Tag Archives: Smart bulb

My experience with the Lifx no-hub smart light

LIFX

Note: Review follows video

Disclaimer: I have no connection to this company, in fact never heard of them until about four months ago. They didn’t ask me for this review, they didn’t pay me, didn’t send me the bulbs, I bought them on my own, this is all my own opinion, as it always is.

I recently needed to get a smart light, one I could control remotely. You know the kind of thing; turn it off and on once in a while, make it look like someone’s home, give the illusion of life. The thing was, I had never looked into these kinds of lights too deeply, and I still haven’t so this isn’t a condoning or condemnation of other brands, but rather my impressions of the one I ended up getting.

I went to the local Best Buy, a store I rarely visit, because I knew they had a lot of them and I was going to be shooting into the wind. My need for this light happened rather suddenly, so I didn’t have time to research and just went in blind. I looked around at the options on display, from well known brands like Philips Hue and lesser known brands like Sengled. At least I think the latter is lesser known..I had never heard of them, but they have a lot of options, and to be fair I’d never heard of the brand I ended up deciding on either.

The issue I have with most of these lighting systems is that they require a hub, or as Philips refers to it, a bridge. I explicitly did not want that, as I was only intending to get a single bulb; no need to complicate it. That’s why I ended up taking a chance on another brand with which I was unfamiliar: Lifx.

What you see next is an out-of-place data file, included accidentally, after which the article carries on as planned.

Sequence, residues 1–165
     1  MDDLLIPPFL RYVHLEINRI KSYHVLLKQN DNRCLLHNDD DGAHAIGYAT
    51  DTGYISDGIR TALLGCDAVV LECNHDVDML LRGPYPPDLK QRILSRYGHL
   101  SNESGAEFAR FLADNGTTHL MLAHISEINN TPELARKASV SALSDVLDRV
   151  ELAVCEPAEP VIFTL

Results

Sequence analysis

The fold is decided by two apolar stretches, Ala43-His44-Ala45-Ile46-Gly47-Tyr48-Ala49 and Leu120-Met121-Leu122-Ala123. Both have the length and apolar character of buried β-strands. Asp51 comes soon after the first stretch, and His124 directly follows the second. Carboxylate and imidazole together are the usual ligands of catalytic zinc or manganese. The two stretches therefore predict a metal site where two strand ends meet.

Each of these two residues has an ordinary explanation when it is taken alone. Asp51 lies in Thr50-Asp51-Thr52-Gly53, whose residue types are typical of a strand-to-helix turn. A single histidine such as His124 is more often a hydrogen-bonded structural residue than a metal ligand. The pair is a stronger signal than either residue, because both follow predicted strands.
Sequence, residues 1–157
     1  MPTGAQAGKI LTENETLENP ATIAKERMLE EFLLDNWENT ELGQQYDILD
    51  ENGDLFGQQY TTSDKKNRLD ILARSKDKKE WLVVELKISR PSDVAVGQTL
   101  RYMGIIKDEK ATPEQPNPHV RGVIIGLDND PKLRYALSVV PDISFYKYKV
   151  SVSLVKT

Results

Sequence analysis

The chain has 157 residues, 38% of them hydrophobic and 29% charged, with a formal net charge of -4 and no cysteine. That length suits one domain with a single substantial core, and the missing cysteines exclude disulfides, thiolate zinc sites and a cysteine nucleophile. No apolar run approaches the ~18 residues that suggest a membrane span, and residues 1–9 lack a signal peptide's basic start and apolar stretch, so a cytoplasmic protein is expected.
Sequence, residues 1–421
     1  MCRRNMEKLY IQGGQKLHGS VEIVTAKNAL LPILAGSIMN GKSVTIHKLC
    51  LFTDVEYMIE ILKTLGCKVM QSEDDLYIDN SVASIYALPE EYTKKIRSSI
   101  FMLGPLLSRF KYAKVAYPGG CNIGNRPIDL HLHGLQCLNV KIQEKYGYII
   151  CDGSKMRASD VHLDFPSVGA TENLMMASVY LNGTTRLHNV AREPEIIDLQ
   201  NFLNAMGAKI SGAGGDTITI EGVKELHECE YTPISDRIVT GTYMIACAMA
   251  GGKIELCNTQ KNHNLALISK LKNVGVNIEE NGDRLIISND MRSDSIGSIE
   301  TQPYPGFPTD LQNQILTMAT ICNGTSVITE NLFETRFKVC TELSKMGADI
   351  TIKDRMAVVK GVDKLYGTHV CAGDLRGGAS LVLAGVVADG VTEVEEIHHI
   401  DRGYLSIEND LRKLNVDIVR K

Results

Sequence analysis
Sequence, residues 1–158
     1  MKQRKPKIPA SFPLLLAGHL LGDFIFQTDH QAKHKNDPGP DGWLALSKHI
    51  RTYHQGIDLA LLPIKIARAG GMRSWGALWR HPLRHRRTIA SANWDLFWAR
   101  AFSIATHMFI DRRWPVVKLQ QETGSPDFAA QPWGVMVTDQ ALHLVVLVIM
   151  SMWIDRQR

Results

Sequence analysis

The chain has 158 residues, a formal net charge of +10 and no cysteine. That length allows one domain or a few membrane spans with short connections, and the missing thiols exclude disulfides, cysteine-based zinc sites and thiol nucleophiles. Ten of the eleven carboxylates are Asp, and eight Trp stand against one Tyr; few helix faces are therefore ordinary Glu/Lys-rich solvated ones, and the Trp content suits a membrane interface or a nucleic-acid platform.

Let’s just get this out of the way right now: I had no idea how to pronounce that. “Life-x?” “Liff-x?” No clue. After some Wikipedia-ing, I discovered it’s “Life-x,” and it’s a company that grew out of a successful Kickstarter campaign. I chose them because they do not require a hub and offered the basic functionality that I needed on short notice, and it turned out to be a good choice, with some important caveats.

The specific model of Lifx light I decided on was the Mini Color, which advertised a light output of 800 lumens. That’s pretty good; many LED lights advertise themselves as the equivalent of some wattage, but their lumens are absurdly low, sometimes rating at 300 or 450, which is very dim. 800 lumens is the actual equivalent of a 60-watt bulb, and that’s exactly what I was looking for.

I also liked the fact there was no hub. I wasn’t looking to set up some centrally-controlled network of devices, I just wanted a light bulb, and Lifx fit that bill. In fact, if I recall correctly, it was the only one that did; all the others required some kind of central device to which they would connect, yet since IoT devices like these form a mesh network anyway, the need for a hub when simply using light bulbs just isn’t necessary.

I took it home, screwed it in, and was guided through a relatively simple process (on Android; I can’t speak to IoS) to connect my phone to the light and the light to the network. Once that was complete, I was up and running.

I only wanted to get a light for a garage, but once it was set up I couldn’t help but go through the options available to me in the app. There are four separate screens for normal operation: ‘Colors,’ ‘Create,’ ‘Effects,’ and ‘Day & Dusk.’ There is also a main screen from where you can access groups, Nest integration, IFTTT features, as well as some other integrations and even buy more lights.

I discovered there was much to like about this bulb, and the more I experimented with the app the more pleased I became, even though I had no real need for any of the more esoteric features. I’ll start with the app’s individual feature screens and come back to the main page at the end, because one of the major issues I have manifests there.